Providing for unmarried partners

Good morning everyone! Another lovely morning here - I hope everyone is managing OK.

I advised a client yesterday who has been living with his unmarried partner for 14 years. He has two children and she has one, all from previous marriages which ended in divorce.

He and his partner co-own the property 75% :25% him:her.

He showed me a cohabitation agreement they have which states that on the death of one the other is able to stay in the home for a period of two years from date of death. Very sensible of course but I suggested this should be repeated in their Wills but then I’m thinking how does this affect the availability of the residence nil rate band? Once the two years up they want to pass their respective share in the property to their children. What is the position please?

Deborah Wise

As they are not married, nor in civil partnership, the RNRB will only be available if the family residence passes to qualifying beneficiaries.

The surviving partner is not a qualifying beneficiary.

As it stands, RNRB would appear to be available only on the death of the survivor, and then only in relation to the share of the home passing to the survivor’s child(ren).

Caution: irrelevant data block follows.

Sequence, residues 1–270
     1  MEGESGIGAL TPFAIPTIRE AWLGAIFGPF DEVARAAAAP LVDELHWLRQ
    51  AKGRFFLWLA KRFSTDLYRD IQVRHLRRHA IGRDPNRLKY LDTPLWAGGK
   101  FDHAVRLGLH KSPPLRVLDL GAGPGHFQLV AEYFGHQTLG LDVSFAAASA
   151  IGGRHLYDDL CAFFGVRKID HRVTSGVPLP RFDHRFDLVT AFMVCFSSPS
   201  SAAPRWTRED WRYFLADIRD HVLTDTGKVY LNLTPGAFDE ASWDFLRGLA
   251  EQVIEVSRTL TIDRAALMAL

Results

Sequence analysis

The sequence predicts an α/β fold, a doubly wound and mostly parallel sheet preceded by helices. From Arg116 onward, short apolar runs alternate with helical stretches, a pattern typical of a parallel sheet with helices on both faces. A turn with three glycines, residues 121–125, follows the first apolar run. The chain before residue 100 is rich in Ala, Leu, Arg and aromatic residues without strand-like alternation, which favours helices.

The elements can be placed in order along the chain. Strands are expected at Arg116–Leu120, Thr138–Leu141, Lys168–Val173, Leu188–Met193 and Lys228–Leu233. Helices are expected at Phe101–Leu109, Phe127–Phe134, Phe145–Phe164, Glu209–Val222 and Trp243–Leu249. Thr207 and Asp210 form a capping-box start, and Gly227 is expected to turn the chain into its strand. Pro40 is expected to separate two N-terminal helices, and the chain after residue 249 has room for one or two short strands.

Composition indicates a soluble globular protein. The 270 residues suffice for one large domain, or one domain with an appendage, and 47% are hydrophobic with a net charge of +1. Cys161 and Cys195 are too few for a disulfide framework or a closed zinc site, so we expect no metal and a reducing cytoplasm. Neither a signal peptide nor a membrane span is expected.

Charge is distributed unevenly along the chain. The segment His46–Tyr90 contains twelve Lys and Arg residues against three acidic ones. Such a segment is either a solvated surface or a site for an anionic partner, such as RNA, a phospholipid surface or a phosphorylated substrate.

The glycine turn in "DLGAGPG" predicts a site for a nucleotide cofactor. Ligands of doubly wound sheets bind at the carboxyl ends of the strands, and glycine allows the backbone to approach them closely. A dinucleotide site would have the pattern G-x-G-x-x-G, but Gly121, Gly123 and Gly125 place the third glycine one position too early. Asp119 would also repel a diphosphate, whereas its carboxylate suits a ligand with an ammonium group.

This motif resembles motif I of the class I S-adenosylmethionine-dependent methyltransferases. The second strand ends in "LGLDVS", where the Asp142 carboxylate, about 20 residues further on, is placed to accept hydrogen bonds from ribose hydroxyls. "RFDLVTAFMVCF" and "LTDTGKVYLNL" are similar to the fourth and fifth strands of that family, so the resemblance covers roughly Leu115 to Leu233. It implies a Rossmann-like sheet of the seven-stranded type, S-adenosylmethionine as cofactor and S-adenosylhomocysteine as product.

I do not believe the transferable RNRB is available to the estate of the survivor in these circumstances, either.

Paul Saunders FCIB TEP

Independent Trust Consultant

Providing support and advice to fellow professionals

Perhaps consider reducing the two year period to 18 months, and have a full discretionary trust Will. The property could then be appointed to the children and read back accordingly. (Tax may need to be paid and then reclaimed.) Alternatively, I am sure there is some complex arrangement that could be put in place whereby the children agree to the 18 month/2 year occupancy, but I would probably steer clear of that.

Haroon Rashid
I Will Solicitors Ltd

Thank you Paul

So probably best for my client to remain silent in the Will about the two years. He could simply make his wishes known to his children that they should delay selling for two years.

What about the cohabitation agreement they signed though - is this enforceable post death of one of the parties I wonder?

Deborah Wise

For the RNRB to apply, inter alia, requires that the relevant child(ren) inherit from their parent not from a co-habitee of their parent. A transfer of any unused RNRB cannot be effected from one co-habitee to the other.

Would either or both of the following be feasible?

A two year IPDI in favour of surviving co-habitee. Surviving co-habitee just prior to end of two year period executes a DoV in favour of deceased co-habitee’s child(ren). RNRB applies.

Alternatively, discretionary trust set up and an appointment out after just prior to two years to child(ren). Reading back under s144 automatic so child(ren) acquire (ie inherit) interest in property from deceased ie RNRB as child(ren) lineal descendant.

Malcolm Finney